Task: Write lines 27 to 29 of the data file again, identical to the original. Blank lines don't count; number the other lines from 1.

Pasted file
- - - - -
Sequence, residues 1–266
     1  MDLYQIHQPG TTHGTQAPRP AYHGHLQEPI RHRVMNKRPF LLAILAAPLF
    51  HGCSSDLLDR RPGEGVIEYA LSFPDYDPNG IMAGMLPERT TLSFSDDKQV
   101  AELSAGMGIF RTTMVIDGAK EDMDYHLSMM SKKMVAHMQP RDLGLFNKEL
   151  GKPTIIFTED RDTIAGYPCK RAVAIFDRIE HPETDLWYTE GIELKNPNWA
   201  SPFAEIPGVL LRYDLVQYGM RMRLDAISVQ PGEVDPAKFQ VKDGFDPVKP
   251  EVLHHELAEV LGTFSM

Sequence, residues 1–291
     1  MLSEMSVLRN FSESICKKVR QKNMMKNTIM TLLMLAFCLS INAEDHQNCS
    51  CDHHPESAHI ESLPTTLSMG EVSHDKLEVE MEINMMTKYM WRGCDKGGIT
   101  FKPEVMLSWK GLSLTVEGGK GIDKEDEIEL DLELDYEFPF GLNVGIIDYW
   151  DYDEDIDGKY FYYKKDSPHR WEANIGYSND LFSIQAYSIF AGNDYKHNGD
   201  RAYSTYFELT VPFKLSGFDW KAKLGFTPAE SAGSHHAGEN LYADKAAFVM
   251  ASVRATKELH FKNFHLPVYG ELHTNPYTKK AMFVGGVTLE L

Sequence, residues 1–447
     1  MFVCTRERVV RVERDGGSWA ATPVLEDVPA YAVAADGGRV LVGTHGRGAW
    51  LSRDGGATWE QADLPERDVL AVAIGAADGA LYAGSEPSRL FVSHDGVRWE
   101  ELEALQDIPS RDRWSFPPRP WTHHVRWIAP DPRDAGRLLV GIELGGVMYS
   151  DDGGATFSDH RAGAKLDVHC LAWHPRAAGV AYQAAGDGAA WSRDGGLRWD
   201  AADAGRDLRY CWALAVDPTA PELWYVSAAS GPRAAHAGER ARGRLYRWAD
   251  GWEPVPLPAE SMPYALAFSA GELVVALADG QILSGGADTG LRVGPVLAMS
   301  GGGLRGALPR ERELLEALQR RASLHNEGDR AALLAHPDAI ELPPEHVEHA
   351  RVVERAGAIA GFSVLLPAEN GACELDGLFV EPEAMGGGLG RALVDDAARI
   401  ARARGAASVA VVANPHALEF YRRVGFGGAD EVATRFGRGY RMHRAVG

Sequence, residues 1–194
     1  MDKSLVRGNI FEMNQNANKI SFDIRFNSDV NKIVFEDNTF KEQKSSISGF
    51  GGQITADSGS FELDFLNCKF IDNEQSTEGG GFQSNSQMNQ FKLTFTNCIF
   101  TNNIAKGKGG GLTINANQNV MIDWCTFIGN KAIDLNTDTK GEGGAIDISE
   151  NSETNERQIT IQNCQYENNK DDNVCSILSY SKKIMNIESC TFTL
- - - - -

    51  GGQITADSGS FELDFLNCKF IDNEQSTEGG GFQSNSQMNQ FKLTFTNCIF
   101  TNNIAKGKGG GLTINANQNV MIDWCTFIGN KAIDLNTDTK GEGGAIDISE
   151  NSETNERQIT IQNCQYENNK DDNVCSILSY SKKIMNIESC TFTL